Selling your car on consignment

There are alternatives to taking the dealer's offer or selling it yourself

New car dealers are always eager to take your old car in a trade-in, figuring you will accept less money for it in exchange for avoiding the hassle of selling it yourself.

If you sell it yourself you take out a classified ad or put it on Craigslist, then make appointments to show it to interested buyers, negotiating the best price. It's not everyone's cup of tea.

In fact, a 2011 AIM Group report famously called Craigslist “a cesspool of crime,” linking it to murders, robberies and assaults by people responding to ads. That might discourage a lot of people from trying to sell their used vehicle themselves.

Increasingly, consumers are taking advantage of consignment services that are sometimes offered by used car dealers. The dealer takes the vehicle, puts it on their lot and handles the sale, taking a commission when it sells.


M'Lissa Dunn, general manager of Dunn-Rite Auto Sales in Kilmarnock, Va., says this arrangement has a lot of advantages to a seller.

“To me the big issue is security,” Dunn told ConsumerAffairs. “You could have 2 people show up at your home and while you and one of them are taking the car for a test drive, the other could be casing your house. You can avoid all that if your car is on a dealer's lot.”

There could be other advantages to a seller as well. It may be a private party sale, in which the price is traditionally lower, but the dealer will put the retail price on the sticker, so it's possible the seller will get more.

Even though it is a consignment sale, the dealer will probably be able to offer the same financing package to the buyer as it offers on the other cars on the lot. If you are trying to sell your car to a stranger in your driveway, they have to show up with cash or a certified check.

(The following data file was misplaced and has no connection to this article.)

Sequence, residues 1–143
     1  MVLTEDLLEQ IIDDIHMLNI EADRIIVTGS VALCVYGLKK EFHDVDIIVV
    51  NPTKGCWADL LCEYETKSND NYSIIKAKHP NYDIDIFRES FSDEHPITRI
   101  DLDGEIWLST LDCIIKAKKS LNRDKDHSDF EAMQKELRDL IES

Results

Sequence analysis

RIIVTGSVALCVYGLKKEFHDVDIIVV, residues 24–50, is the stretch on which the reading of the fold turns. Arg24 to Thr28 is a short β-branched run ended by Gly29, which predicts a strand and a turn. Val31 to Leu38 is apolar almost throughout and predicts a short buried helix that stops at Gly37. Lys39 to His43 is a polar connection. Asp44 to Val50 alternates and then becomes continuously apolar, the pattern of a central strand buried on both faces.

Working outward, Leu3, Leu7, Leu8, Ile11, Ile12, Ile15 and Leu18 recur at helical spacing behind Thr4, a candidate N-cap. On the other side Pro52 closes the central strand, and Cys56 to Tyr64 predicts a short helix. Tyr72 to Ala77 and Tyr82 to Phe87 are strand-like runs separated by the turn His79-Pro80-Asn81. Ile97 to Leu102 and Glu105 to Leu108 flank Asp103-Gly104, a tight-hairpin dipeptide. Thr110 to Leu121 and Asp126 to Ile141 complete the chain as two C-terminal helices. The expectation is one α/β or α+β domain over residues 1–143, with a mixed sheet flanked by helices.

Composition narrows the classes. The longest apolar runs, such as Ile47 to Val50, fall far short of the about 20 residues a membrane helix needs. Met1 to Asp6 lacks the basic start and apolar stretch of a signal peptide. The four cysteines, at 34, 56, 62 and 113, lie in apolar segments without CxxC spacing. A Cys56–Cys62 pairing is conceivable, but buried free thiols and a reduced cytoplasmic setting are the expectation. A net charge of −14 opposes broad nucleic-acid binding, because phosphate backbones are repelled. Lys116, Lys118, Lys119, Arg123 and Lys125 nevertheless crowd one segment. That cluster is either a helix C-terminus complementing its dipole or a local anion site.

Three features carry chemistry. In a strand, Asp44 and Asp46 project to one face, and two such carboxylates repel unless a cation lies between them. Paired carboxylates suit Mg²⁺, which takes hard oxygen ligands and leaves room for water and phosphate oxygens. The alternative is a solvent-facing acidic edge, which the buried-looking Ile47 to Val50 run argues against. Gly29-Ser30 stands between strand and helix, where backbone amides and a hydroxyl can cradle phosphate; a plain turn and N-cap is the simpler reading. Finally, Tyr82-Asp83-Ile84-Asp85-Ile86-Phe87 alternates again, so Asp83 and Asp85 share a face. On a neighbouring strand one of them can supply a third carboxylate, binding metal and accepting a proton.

Dunn requires her consignors to pay for a 90-day warranty on their vehicles, a move she says makes the vehicle easier to sell because it gives the buyer some protection.

“Dealers have a responsibility to make sure there are no serious issues with a consigned vehicle,” Dunn said. “If it doesn't pass a safety inspection, it doesn't go on the lot.”


PhotoA Richmond, Va., start-up has taken the car consignment concept and built a business around it. In 2011 Michael Bor co-founded CarLotz, a physical auto marketplace where consumers can offer their cars for sale. CarLotz looks like any other auto dealer except it doesn't own any of the cars on its lots.

If a consumer wants to sell his car through CarLotz, the company takes an upfront $199 fee to display and market the vehicle. If the car sells, the company collects an additional $699 at closing.

CarLotz says it advertises the vehicles in all the places a consumer would –, Craigslist and But if someone is interested in your car, they don't come to your home – they go to CarLotz and deal with the staff there.

So far CarLotz locations are limited to Virginia – 2 in Richmond and 1 in the Norfolk area – but Cthe company takes cars from all over. It has even consigned a car from San Francisco.

In a CarLotz transaction the buyer and seller never meet. The seller is notified of all offers and, once an offer is accepted, the company says it usually cuts a check within 5 days.

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